ASP.NET : How to solve logging out before timeout expires problem


A while ago I had a task of setting up an old ASP.NET 3.5 application on a shared hosting server and after I was done, the application worked as it should except for one important bit. The application used a Forms Authentication to authenticate users and after users logged in they were getting logging out and redirected to login page after a really short amount of time, usually only after a few minutes.
In this article I will show different ways I tried to locate this problem and how I finally managed to fix this issue.

Checking the web.config file seemed like the logical first step.

Checking timeout value in Web.config

The application used a Forms authentication, so first I located the forms element. I assumed the timeout attribute must have been set to some really low value. This is what I found:

<authentication mode="Forms">
<forms loginUrl="Login.aspx" timeout="60" cookieless="UseCookies" defaultUrl="./Default.aspx" />

So even though the timeout attribute was set to 60 minutes, the authorization cookie expired prematurely after approx. 5 minutes.

Next I decided to check into the control panel of the shared hosting to see if I find something there or at least get some idea what was going on.

Checking the control panel in Shared Hosting

The shared hosting server was using Parallels Plesk Panel and under “ASP.NET Settings” Icon, I only found Authentication mode option and nothing else that seemed related to Authentication.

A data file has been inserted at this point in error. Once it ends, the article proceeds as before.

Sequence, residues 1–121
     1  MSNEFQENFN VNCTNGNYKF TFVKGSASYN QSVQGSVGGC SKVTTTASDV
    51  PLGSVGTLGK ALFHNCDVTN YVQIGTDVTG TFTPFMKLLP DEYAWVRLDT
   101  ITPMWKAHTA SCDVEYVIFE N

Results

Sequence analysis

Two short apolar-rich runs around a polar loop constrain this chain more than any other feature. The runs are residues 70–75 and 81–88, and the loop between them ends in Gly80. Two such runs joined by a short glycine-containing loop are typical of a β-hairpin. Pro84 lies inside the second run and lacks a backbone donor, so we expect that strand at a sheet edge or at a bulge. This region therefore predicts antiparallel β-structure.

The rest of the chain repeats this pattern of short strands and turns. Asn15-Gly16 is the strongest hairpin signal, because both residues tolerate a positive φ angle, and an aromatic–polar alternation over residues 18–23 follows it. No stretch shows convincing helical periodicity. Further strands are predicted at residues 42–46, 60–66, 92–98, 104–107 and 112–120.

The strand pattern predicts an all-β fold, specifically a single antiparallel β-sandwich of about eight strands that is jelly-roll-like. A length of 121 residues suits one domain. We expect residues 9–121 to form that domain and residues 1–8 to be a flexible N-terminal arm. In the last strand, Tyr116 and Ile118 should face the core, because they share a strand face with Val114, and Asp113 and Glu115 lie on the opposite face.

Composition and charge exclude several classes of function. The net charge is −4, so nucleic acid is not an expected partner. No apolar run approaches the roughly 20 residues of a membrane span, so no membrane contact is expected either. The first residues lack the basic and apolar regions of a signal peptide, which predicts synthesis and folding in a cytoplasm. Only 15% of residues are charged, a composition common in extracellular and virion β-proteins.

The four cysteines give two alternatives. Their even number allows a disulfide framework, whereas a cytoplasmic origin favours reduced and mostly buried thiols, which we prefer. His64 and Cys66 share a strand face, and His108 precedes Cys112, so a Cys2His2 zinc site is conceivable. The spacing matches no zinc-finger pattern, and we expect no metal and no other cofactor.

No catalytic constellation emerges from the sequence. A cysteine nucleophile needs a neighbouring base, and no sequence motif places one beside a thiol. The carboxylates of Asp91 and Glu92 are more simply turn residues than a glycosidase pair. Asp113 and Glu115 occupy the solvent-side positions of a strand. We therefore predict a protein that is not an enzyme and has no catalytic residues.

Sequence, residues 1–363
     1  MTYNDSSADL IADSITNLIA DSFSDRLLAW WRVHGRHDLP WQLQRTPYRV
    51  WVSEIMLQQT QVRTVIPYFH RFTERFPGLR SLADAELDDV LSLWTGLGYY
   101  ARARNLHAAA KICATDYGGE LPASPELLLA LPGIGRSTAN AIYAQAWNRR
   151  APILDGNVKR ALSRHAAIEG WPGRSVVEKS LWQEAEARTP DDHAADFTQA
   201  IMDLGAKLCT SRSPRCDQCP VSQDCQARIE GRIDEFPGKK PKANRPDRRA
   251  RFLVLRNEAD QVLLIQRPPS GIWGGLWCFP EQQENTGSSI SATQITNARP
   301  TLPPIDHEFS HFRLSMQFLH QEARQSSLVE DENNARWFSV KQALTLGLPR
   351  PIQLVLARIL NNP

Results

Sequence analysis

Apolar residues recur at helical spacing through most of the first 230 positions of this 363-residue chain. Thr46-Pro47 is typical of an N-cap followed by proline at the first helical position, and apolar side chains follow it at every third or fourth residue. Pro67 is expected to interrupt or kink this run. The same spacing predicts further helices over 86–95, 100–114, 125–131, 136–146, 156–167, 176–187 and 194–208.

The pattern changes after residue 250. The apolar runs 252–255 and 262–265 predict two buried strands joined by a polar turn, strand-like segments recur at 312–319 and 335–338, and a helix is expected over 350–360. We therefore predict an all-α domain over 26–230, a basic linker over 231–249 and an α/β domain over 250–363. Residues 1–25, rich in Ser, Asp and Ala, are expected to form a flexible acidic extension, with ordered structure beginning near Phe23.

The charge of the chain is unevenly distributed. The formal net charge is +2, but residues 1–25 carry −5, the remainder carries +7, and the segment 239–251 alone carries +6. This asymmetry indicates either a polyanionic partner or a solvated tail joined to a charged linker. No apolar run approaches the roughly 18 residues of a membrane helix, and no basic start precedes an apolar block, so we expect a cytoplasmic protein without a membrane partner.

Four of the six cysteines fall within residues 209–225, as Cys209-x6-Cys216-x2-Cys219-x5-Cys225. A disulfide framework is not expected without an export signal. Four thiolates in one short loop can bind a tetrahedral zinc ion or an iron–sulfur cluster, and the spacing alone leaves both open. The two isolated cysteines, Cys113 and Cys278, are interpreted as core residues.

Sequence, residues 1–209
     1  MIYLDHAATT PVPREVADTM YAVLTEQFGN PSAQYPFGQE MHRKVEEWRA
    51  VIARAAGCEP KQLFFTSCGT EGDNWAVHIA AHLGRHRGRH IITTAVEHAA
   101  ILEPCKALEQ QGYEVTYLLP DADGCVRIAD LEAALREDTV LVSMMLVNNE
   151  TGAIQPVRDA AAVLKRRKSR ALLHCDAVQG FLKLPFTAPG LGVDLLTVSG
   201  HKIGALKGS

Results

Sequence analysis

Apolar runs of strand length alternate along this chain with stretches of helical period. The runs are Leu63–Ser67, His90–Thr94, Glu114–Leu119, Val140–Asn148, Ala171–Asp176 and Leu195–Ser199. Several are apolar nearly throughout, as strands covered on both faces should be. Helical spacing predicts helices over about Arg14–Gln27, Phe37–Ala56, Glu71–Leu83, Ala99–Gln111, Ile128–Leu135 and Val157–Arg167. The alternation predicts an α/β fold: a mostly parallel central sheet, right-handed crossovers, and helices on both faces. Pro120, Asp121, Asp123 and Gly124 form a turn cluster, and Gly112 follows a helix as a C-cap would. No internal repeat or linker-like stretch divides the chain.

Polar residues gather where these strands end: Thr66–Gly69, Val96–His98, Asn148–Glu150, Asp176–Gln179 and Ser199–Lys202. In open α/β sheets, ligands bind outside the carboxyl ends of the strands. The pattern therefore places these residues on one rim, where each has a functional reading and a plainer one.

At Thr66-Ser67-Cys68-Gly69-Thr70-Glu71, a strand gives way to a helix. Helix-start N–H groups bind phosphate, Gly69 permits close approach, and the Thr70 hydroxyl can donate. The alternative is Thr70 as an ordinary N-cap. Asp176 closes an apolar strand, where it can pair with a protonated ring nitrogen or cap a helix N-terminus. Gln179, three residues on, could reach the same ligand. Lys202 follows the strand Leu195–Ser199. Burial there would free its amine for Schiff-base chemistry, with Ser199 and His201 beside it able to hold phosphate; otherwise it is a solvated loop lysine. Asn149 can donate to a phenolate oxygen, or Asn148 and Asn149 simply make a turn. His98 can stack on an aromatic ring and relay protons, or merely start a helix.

Parallels Plesk panel settings

But there was another tool that caught my eye. It was “IIS Application Pool”:
Parallels Plesk IIS Application Pool settings

Unfortunately, there was nothing to set up there. The only thing I found was maximum CPU usage data.
Parallels Plesk IIS Application Pool maximum CPU usage data
Nevertheless Application pool looked like something worth investigating further and in the end it provided me with a important clue to what was really happening.

Cause of the problem

It turns out that in shared hosting, Application pools can regularly be recycled. When recycling occurs, the ASP.NET will recreate a MachineKey if there isn’t one specified in web.config. Machine key is used to generate Authentication ticket, so the newly recreated machinekey makes the current Authentication ticket invalid which causes users to logout.

The solution to that is to add a <machinekey> section in the web.config file which is shown next.

Adding machinekey to the web.config

Now that we know what needs to be added, the next question is how to generate the machinekey and where to put it in web.config.

Machinekey has two required attributes named decryptionKey and validationKey. Fortunately, there are quite a few online tools available for generating necessary machine key code, one such tool can be found at:

The generated code will look something like this:

<machineKey validationKey="9FF4EA8E411460F5770F…" decryptionKey="71492B24C…" validation="SHA1" decryption="AES"/>

All that remains is to copy that generated online <machinekey> code inside <system.web> element in web.config and we are done.

Note:In the example above, the values for validationKey and decryptionKey has been shortened for readability. Do not copy the above code, use online tool instead!


If ASP.NET application is hosted in a shared environment, the authenticated users might time out prematurely, but this can be easily solved by adding machinekey section into the web.config file.


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